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What everyone should know about hourly pay in Indiana

Like many other states, hourly workers in Indiana are subject to specific wage and hour laws that govern how they are compensated for their work. Employees and employers should understand these regulations to ensure they’re complied with.

As of January, 2024, these are the primary regulations that govern hourly pay in Indiana.

Minimum wage requirements

The minimum wage in Indiana is set at the federal minimum wage rate of $7.25 per hour. This rate applies to most workers, but there are exceptions, such as for younger workers and those in training positions. Employers must adhere to this minimum wage, which means all eligible employees are compensated at least at this rate for their standard work hours.

Overtime laws

In Indiana, hourly employees are typically entitled to overtime pay for working more than 40 hours in a workweek. Overtime pay is 1.5 times the employee’s regular hourly rate. This means if an employee’s standard hourly wage is $10, their overtime rate would be $15 per hour. There are exemptions to this rule, so employees should check if their job category is exempt from overtime under the Fair Labor Standards Act.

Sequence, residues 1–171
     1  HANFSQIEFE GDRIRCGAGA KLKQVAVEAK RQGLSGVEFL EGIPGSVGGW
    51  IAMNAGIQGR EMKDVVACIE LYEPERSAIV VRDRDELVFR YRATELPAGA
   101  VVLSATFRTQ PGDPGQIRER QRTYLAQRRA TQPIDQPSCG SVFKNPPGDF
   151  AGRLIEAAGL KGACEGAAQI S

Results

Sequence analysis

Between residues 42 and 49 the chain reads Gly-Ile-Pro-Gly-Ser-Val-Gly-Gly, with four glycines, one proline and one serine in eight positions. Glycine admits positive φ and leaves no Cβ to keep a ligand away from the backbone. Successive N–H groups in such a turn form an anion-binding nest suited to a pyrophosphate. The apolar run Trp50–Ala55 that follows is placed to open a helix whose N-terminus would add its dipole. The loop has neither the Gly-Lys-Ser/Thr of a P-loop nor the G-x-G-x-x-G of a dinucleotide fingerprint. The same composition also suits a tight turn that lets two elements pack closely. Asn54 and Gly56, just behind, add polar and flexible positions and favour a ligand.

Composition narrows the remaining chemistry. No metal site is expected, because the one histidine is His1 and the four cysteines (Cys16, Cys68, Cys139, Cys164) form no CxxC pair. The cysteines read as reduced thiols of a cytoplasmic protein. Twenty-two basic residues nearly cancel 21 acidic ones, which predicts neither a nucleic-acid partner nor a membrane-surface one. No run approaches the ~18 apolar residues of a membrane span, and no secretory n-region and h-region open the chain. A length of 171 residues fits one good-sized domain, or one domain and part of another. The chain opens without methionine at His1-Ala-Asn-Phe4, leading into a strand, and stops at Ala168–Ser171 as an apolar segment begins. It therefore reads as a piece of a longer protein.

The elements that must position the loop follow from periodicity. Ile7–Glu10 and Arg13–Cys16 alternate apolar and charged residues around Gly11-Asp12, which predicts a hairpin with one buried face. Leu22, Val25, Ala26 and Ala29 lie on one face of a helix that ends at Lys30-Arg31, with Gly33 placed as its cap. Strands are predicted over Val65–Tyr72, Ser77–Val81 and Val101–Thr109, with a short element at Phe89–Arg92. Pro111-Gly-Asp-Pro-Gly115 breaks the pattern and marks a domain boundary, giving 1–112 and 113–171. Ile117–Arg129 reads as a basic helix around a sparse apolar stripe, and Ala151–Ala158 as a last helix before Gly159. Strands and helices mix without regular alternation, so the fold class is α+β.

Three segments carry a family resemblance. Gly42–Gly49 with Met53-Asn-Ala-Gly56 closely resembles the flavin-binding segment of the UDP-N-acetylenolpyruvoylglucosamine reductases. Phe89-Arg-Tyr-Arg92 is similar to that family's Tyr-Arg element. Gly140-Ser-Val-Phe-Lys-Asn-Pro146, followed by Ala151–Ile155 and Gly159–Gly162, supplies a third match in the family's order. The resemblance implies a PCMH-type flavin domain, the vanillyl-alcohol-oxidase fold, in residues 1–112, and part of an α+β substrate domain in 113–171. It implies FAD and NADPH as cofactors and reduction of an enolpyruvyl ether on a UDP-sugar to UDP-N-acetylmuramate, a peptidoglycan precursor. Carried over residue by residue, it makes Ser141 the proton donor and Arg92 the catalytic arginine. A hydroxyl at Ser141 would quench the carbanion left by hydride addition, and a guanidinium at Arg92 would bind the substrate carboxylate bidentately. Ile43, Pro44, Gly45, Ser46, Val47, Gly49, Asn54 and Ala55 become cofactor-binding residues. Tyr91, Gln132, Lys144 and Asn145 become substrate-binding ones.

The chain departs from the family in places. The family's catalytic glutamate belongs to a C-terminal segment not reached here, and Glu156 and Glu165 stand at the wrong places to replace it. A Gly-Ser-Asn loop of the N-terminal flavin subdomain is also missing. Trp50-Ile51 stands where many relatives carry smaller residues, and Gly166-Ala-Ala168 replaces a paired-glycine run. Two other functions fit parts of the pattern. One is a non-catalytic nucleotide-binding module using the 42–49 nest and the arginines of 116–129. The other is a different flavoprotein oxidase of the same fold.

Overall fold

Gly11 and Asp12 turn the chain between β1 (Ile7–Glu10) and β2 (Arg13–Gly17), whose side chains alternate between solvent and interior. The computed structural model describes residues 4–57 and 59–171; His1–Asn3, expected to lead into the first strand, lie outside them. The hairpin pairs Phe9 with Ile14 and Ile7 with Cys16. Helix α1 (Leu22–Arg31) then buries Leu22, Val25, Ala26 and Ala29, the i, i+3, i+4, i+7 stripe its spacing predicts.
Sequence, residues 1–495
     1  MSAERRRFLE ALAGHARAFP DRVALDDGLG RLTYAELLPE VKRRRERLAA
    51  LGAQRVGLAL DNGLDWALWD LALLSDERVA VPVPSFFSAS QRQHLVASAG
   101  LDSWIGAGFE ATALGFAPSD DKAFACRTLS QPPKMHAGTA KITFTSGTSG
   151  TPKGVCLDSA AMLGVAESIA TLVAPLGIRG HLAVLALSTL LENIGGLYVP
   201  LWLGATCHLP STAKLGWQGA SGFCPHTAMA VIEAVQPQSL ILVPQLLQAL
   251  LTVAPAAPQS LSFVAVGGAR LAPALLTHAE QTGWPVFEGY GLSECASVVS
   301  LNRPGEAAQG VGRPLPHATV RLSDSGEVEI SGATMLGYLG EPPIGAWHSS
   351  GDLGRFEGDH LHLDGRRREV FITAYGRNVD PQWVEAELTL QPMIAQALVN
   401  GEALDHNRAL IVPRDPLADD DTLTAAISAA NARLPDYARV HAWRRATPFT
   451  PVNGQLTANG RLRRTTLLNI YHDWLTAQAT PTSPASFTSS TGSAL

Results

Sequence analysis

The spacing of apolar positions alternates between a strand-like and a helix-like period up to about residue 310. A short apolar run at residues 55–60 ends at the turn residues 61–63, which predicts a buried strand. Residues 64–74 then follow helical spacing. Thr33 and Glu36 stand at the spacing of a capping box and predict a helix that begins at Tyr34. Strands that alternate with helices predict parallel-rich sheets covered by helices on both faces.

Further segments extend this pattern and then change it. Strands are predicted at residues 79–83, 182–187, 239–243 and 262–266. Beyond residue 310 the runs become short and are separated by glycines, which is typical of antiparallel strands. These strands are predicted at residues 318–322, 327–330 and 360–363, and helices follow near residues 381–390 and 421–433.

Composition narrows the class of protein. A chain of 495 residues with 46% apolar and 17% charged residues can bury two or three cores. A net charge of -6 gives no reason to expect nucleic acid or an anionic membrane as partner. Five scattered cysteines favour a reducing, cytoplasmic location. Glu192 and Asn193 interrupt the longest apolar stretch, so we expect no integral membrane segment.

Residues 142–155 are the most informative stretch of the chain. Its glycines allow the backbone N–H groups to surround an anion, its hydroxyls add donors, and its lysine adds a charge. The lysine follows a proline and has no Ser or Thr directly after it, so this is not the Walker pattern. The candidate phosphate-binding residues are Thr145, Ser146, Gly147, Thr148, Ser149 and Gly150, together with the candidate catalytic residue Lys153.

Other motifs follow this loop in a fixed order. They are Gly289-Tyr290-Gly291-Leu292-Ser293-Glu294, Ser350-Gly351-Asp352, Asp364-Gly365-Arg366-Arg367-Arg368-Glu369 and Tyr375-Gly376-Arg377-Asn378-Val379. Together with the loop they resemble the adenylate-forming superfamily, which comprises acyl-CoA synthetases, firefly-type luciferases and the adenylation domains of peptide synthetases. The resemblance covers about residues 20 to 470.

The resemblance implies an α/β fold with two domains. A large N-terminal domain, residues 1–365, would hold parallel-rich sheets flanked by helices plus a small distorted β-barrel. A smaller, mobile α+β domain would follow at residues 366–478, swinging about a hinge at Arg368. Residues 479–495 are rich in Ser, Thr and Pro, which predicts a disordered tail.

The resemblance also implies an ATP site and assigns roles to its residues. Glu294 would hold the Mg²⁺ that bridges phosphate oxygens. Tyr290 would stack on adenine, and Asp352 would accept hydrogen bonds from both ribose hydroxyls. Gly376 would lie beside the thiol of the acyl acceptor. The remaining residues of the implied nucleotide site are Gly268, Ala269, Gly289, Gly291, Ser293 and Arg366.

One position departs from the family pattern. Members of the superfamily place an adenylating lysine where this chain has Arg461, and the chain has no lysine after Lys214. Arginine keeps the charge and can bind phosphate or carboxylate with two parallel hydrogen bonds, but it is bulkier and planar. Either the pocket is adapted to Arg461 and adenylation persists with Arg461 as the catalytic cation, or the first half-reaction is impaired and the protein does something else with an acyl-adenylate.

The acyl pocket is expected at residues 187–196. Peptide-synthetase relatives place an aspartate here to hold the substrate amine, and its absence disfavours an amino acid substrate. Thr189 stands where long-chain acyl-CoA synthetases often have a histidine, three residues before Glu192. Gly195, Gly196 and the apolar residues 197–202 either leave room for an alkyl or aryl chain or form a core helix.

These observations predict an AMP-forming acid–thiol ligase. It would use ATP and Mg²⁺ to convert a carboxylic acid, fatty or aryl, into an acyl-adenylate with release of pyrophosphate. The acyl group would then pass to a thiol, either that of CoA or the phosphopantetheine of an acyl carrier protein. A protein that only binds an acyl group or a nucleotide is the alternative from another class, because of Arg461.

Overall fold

Tipped wage specifics

Indiana law allows employers to pay a lower minimum wage for employees who receive tips, such as waitstaff in restaurants, as long as the combination of tips and wages equals at least the standard minimum wage.

The minimum cash wage for tipped employees is $2.13 per hour. If an employee’s tips combined with the cash wage don’t reach the standard minimum wage, the employer must make up the difference.

Meal and rest break guidelines

Indiana doesn’t have a specific law requiring meal or rest breaks for adult workers. If an employer chooses to provide breaks, there are federal guidelines to consider. Breaks lasting less than 20 minutes are generally considered part of the workday and must be paid. Meal breaks, typically lasting at least 30 minutes during which the employee is relieved of all work duties, don’t need to be paid.

Any worker who isn’t paid according to state law has the right to take legal action. Seeking legal guidance concerning wage and hour laws may make it easier to accomplish this important goal.